Safe(r) Space

How Political Can the Dancefloor Be?
Originating in post-Stonewall gay and lesbian neighbourhood activism against street violence and police harassment as well as in feminist consciousness-raising groups of the 60s and 70s, the ambition behind safe spaces has been to offer minoritarian communities a space to heal and connect, sheltered from daily conflict, harassment and oppression. With the rise to prominence of intersectional identity politics, the notion of “safe spaces” has expanded into universities and classrooms, youth groups, activist spaces and increasingly club nights, where the endorsement of safe space principles has felt like a necessity to push back against traditionally male-dominated dancefloors.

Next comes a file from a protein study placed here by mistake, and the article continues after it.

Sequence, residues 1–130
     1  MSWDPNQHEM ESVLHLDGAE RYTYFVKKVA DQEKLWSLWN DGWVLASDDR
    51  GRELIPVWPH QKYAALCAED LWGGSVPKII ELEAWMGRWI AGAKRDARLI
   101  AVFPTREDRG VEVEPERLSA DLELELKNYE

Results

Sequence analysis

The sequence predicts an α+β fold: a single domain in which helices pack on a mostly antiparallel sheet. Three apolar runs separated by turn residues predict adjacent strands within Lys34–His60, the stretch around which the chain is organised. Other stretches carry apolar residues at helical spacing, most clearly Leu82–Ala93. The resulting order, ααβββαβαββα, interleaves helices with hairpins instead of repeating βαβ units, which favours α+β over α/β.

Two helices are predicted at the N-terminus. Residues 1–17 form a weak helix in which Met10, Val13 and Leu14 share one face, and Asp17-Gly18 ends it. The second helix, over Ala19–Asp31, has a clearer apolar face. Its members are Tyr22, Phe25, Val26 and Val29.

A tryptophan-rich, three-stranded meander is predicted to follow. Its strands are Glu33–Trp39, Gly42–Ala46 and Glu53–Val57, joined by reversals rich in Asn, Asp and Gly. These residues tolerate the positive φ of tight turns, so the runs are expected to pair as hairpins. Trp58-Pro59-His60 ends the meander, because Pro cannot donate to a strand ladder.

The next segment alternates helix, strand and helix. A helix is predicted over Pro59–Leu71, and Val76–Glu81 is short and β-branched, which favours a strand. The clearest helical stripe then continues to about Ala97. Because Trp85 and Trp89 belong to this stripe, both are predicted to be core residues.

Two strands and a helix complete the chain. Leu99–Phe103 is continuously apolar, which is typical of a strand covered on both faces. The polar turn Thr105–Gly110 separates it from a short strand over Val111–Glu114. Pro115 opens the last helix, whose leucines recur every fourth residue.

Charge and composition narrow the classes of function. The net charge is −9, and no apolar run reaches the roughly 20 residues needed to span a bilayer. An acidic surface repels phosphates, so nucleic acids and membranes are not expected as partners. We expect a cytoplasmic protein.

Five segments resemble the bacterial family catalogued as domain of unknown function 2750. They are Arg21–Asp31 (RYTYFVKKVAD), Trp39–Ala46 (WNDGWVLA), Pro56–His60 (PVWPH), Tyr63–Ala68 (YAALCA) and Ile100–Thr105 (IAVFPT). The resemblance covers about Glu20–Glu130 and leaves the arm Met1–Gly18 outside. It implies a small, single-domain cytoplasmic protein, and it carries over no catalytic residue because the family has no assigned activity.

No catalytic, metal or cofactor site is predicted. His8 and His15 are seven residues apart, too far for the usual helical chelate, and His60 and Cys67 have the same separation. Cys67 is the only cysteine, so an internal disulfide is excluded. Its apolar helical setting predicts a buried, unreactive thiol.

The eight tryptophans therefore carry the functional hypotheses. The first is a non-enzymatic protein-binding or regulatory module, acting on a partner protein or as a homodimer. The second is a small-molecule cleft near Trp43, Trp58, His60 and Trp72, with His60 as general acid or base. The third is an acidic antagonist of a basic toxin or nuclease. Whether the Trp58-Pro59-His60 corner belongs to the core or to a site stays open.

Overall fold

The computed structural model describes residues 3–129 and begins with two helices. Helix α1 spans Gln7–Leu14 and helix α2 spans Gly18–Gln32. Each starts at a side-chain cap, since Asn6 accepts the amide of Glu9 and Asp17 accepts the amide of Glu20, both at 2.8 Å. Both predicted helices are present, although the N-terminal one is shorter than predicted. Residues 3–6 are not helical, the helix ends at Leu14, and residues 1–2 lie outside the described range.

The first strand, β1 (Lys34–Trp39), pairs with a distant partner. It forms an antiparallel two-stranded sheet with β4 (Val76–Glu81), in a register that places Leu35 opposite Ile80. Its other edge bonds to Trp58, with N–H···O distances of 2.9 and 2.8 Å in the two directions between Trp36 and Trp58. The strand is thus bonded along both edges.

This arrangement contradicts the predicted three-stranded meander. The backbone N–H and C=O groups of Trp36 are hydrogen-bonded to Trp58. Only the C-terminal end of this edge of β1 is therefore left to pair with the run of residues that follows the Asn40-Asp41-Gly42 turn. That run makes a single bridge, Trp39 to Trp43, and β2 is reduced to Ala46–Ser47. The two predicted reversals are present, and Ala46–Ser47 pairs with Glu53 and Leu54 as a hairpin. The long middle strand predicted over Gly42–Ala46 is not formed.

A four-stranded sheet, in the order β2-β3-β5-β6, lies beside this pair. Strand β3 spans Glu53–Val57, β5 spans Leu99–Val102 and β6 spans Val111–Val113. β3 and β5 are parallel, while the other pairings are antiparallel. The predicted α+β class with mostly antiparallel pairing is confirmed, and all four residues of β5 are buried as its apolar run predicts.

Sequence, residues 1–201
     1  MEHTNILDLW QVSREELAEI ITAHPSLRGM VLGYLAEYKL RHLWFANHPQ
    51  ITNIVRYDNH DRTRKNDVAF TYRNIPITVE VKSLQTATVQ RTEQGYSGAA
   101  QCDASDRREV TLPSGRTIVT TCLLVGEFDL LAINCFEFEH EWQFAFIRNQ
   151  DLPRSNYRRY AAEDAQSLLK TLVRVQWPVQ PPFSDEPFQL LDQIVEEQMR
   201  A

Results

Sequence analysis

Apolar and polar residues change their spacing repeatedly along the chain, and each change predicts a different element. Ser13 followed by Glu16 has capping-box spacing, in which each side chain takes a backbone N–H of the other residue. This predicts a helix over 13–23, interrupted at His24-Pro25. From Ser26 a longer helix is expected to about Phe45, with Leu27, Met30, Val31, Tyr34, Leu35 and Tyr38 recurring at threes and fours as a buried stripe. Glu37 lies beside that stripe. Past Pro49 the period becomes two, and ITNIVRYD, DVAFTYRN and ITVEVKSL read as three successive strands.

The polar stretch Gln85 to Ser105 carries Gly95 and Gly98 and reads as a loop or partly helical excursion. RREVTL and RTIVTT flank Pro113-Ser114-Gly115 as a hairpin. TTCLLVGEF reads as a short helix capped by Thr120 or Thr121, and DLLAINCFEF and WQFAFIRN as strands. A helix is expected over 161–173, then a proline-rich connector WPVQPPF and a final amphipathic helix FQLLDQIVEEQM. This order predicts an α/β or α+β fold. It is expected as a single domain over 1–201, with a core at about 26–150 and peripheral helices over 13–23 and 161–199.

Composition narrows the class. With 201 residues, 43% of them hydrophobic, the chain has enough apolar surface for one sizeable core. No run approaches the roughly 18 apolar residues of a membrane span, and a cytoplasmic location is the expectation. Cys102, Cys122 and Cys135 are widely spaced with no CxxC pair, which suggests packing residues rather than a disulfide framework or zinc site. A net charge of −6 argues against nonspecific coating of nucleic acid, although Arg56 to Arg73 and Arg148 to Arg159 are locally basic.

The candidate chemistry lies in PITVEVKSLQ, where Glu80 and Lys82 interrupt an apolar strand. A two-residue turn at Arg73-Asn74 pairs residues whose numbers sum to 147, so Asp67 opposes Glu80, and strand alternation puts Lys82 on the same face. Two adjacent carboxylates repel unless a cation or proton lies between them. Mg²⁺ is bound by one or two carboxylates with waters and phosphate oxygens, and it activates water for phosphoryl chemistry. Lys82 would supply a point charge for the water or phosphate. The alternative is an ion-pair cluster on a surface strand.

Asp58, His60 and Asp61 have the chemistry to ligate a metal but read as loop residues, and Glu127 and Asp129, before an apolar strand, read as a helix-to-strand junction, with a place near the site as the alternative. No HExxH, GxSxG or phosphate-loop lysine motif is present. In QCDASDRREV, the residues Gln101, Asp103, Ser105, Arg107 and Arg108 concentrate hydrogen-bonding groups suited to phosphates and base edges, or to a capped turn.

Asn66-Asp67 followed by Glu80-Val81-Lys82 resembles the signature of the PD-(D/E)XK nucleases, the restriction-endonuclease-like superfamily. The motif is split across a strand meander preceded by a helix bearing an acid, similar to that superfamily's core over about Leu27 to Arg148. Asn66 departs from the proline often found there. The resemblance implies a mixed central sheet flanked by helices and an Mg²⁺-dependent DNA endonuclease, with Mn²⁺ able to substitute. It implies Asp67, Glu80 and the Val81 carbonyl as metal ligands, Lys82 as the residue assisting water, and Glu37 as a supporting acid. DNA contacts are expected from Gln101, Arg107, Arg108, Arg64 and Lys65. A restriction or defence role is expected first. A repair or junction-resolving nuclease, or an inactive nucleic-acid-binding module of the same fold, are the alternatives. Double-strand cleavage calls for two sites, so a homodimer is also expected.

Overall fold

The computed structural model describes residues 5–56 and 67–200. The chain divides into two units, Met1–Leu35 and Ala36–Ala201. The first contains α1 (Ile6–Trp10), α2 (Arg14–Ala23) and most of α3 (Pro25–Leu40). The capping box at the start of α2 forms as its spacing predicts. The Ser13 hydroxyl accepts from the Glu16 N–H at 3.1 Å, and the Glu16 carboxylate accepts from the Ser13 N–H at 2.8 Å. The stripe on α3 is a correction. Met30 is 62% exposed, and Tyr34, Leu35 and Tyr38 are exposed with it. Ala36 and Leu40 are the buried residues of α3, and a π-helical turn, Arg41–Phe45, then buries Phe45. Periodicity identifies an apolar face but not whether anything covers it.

As many queer parties draw increasingly heterogeneous crowds, the questions of access, safety, and empowerment are more important than ever. At the same time, in trying to articulate a queer politics for the dancefloor, safer-space language seems to have replaced earlier connotations of nightlife, as a place for adventure, hedonism, transgression and even militancy, with an insistence on awareness and protecting those considered to be most vulnerable. How can we make sense of this cultural-political shift? What are its political motivations and implications? How urgent and effective are safer space making practices in queer nightlife? What kind of a dancefloor vibe does it enable or inhibit? What are its utopian horizons? What is radical about it and how does it intersect with other politics of refusal or resistance, queer and otherwise? And, finally, how political can or should a dancefloor be?

We delved into these topics with members of the collectives Lecken, Room4Resistance, and New World Dysorder.

The panel was be hosted by WHOLE Festival and moderated by queer writer, curator and radio host, Lou Drago (XenoEntities).